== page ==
What Einstein had shown was that there is no universal “now.” Whether two events are simultaneous is relative to the observer. And once simultaneity goes by the board, the very division of moments into “past,” “present,” and “future” becomes meaningless. Events judged to be in the past by one observer may still lie in the future of another; therefore, past and present must be equally definite, equally “real.” In place of the fleeting present, we are left with a vast frozen timescape—a four-dimensional “block universe.” Over here, you are being born; over there, you are celebrating the turn of the millennium; and over yonder, you’ve been dead for a while. Nothing is “flowing” from one event to another. As the mathematician Hermann Weyl memorably put it, “The objective world simply is; it does not happen.”
Einstein, through his theory of relativity, furnished a scientific justification for a philosophical view of time that goes back to Spinoza, to St. Augustine, even to Parmenides—one that has been dubbed “eternalism.” Time, according to this view, belongs to the realm of appearance, not reality. The only objective way to see the universe is as God sees it: sub specie aeternitatis. We should all be like William Blake and say, “I see the past, present, and future, existing all at once/Before me.”
The revolution in our understanding of time that Einstein initiated was pushed to a more radical extreme by his close friend (and fellow eccentric) Kurt Gödel. Gödel is often considered the greatest logician of the twentieth century. He is most famous for his “incompleteness theorems,” which showed that arithmetic was, in an interesting sense, beyond the reach of logical provability; but he also dabbled in theoretical physics. Both Gödel and Einstein left Europe because of the Nazis (although Gödel was not Jewish), and both ended up at the Institute for Advanced Study in Princeton, New Jersey. The two men liked nothing better than to stroll around Princeton together trading ideas. In 1949, on the occasion of Einstein’s seventieth birthday, Gödel presented him with an unexpected gift: a proof of the nonexistence of time. And this was not a mere verbal proof, of the sort that philosophers like Parmenides, Immanuel Kant, and J. M. E. McTaggart had come up with over the centuries; it was a rigorous mathematical proof. Playing with Einstein’s own equations of general relativity, Gödel found a novel solution that corresponded to a universe with closed timelike loops. A resident of such a universe, by taking a sufficiently long round trip in a rocket ship, could travel back into his own past. Einstein was not entirely pleased with Gödel’s hypothetical universe; indeed, he admitted to being “disturbed” that his equations of relativity permitted something as Alice in Wonderland–like as spatial paths that looped backward in time. Gödel himself was delighted by his discovery, since he found the whole idea of time to be painfully mysterious. If time travel is possible, he submitted, then time itself is impossible. A past that can be revisited has not really passed. So, Gödel concluded, time does not exist.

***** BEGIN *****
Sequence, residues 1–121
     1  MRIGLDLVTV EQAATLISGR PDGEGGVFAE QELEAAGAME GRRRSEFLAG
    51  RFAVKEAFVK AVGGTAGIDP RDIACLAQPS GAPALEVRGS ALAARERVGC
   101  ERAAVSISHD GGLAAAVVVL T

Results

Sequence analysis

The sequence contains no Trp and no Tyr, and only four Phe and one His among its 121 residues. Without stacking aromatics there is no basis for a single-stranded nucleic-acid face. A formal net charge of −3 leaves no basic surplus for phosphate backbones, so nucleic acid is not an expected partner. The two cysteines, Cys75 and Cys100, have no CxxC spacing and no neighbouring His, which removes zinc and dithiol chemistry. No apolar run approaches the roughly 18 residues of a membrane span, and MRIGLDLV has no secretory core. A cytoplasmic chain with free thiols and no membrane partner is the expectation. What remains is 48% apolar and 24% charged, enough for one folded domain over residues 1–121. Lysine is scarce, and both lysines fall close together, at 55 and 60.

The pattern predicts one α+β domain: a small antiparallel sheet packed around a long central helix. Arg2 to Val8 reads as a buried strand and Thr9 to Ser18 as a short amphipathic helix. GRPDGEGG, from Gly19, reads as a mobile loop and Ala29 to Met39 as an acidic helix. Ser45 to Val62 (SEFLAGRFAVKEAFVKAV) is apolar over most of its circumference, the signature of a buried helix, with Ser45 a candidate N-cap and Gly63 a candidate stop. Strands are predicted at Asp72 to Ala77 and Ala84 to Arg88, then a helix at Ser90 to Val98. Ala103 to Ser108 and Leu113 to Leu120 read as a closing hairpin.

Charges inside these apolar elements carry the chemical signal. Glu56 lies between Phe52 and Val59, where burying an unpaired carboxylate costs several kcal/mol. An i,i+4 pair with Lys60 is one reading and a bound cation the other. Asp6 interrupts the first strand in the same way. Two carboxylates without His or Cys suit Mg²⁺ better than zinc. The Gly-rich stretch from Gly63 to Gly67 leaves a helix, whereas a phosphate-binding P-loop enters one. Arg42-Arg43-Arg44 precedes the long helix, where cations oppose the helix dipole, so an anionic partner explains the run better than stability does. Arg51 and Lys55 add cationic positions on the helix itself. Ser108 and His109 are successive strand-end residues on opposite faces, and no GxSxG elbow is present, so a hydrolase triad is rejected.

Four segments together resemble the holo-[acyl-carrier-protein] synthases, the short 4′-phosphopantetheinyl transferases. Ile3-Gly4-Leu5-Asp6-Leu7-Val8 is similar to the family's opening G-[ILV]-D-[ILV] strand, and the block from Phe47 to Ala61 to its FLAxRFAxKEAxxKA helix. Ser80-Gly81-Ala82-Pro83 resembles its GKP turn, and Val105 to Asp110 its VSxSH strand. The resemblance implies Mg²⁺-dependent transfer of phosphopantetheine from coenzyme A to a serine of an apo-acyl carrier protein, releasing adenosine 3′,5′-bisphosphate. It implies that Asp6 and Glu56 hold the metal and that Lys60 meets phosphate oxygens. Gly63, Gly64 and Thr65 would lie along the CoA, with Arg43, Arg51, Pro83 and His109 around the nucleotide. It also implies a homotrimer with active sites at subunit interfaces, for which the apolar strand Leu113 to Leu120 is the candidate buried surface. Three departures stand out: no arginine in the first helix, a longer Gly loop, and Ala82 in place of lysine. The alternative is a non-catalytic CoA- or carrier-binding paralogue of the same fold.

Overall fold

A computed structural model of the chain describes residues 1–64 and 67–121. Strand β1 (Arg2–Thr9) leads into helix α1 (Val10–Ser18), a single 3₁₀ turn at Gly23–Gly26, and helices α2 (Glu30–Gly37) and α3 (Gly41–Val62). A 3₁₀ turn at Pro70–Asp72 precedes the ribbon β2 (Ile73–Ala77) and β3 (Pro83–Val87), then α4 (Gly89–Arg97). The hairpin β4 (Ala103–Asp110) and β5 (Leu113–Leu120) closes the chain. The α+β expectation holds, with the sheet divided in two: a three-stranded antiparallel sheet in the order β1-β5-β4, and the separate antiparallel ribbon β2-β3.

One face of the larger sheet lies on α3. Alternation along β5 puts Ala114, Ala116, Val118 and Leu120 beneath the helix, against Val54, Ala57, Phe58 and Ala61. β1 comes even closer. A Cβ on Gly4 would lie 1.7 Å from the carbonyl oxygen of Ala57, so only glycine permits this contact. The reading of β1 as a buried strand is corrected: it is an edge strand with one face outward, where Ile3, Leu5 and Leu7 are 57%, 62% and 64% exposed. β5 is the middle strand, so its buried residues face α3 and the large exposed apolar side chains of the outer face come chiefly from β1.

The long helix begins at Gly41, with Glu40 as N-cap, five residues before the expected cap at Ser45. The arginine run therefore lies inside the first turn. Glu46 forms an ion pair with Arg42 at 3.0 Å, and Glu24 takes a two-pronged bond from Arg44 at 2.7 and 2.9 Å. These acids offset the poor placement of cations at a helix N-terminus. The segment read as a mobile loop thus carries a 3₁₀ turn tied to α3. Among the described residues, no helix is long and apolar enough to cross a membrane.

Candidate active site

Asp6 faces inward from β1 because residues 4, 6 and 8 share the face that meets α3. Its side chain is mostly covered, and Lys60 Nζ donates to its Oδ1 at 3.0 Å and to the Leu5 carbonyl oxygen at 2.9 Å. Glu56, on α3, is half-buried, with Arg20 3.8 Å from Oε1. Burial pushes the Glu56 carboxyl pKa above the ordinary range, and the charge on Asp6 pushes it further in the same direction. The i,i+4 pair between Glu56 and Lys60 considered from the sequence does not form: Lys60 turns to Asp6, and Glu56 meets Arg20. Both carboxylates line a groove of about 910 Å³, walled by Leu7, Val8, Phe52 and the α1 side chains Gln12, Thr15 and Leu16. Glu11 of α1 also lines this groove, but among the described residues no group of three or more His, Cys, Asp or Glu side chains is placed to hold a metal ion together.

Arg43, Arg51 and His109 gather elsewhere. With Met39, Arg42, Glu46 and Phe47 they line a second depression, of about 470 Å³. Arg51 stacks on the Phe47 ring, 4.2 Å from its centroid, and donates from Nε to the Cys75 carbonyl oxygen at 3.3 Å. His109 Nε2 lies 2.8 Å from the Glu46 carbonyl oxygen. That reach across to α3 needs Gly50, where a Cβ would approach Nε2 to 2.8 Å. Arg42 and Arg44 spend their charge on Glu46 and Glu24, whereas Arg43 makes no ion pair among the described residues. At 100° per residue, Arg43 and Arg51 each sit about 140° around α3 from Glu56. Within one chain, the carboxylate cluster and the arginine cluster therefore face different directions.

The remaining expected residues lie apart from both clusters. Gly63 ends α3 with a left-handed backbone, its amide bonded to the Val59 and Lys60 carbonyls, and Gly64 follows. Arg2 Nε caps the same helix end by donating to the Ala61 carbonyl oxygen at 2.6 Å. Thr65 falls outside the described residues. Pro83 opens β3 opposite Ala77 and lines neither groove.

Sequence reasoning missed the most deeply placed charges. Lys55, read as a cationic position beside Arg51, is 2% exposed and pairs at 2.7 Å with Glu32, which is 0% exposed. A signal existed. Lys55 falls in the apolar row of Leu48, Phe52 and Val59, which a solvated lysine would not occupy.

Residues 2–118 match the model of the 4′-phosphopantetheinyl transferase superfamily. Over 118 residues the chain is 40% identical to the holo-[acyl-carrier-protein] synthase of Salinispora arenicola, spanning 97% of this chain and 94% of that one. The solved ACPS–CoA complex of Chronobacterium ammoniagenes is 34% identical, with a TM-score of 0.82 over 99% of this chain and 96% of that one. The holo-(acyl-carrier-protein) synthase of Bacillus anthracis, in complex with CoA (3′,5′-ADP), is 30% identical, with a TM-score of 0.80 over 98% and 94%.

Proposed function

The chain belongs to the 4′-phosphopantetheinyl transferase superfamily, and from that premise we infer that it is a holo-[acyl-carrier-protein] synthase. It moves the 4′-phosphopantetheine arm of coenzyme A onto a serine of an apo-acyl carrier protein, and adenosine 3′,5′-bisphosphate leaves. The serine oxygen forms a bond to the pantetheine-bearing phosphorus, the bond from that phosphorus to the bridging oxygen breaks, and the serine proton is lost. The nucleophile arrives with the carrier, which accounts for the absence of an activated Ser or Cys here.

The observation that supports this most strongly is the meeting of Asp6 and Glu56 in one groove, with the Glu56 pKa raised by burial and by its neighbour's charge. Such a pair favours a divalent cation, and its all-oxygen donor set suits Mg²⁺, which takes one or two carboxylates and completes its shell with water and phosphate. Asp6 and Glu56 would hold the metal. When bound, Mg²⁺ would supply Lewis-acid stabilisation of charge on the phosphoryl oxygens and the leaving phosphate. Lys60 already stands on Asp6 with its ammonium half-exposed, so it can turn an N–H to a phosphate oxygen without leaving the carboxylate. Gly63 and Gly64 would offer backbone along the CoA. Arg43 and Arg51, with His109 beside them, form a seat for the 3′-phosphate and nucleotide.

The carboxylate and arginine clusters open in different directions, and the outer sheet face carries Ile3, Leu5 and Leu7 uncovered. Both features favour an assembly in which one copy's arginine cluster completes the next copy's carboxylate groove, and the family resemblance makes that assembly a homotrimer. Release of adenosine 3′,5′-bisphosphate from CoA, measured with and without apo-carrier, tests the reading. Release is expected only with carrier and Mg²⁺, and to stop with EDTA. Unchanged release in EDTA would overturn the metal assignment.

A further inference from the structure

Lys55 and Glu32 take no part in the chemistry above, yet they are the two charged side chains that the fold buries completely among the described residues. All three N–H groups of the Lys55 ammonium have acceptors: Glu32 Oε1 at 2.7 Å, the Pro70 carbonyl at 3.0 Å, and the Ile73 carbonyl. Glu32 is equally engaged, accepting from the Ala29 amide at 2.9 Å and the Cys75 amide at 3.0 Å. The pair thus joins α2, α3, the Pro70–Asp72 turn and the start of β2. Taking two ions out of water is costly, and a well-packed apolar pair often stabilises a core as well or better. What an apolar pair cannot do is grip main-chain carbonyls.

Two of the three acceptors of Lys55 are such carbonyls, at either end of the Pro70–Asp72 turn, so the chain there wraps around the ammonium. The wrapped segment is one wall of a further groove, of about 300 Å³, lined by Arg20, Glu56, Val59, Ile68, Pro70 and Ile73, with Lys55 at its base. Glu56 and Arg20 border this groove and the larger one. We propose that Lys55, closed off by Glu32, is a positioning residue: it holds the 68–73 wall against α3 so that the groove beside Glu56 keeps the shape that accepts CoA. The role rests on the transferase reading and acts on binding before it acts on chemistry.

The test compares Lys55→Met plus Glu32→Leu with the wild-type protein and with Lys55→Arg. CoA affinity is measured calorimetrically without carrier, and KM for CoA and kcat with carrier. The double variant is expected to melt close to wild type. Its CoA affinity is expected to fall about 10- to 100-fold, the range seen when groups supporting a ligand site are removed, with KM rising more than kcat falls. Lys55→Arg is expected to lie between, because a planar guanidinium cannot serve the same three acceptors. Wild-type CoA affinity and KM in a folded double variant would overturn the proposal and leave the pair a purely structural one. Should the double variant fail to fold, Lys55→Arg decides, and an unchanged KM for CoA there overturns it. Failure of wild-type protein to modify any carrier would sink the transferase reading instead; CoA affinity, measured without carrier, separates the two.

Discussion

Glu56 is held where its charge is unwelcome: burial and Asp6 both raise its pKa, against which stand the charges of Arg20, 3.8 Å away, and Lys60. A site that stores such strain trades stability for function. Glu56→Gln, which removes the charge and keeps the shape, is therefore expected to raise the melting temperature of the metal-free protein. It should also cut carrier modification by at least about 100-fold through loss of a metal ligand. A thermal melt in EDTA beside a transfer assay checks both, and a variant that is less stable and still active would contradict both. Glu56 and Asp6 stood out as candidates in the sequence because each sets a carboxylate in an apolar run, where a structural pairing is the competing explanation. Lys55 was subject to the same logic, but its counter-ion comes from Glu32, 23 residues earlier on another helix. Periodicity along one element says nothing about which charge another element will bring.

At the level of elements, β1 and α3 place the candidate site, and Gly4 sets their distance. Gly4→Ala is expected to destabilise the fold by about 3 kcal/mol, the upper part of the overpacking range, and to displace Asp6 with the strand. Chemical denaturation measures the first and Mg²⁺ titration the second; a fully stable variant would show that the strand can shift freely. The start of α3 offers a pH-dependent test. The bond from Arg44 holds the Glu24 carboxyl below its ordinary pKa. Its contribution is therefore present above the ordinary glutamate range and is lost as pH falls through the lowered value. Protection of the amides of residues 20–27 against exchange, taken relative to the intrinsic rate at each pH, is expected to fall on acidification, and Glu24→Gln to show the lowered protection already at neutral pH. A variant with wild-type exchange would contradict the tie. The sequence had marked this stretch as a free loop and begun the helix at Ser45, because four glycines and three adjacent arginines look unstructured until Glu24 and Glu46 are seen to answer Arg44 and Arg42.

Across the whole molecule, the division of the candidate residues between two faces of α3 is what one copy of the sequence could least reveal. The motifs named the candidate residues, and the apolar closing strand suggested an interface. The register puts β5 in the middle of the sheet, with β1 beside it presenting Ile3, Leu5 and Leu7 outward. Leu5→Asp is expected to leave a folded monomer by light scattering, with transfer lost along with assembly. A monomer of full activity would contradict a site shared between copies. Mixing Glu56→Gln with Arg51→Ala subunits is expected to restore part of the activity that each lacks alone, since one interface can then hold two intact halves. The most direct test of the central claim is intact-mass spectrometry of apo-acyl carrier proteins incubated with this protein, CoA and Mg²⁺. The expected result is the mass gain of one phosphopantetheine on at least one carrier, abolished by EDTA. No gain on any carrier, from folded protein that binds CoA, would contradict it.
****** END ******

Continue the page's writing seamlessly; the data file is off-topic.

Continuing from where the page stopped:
Unlike Gödel, Einstein could never quite liberate himself from the grip of time. “To those of us who believe in physics,” he wrote in 1955 to the family of a friend who had recently died, “this separation between past, present, and future is only an illusion, if a stubborn one.” When his own turn came, a few weeks later, Einstein said, “It is time to go.”
Over the decades since Einstein’s death, physics has subjected our everyday notion of time to still more radical dislocations. The frozen timescape of relativity theory has been revealed to have gaping holes in it: black holes. That is because time is “warped” by gravity. The stronger the gravitational field, the slower the clock hands creep. If you live in a ground-floor apartment, you age a trifle less rapidly than your neighbor in the penthouse. The effect would be a lot more noticeable if you got sucked into a black hole, where the gravitational warpage of time is infinite. Quite literally, black holes are gateways to the end of time: to Nowhen.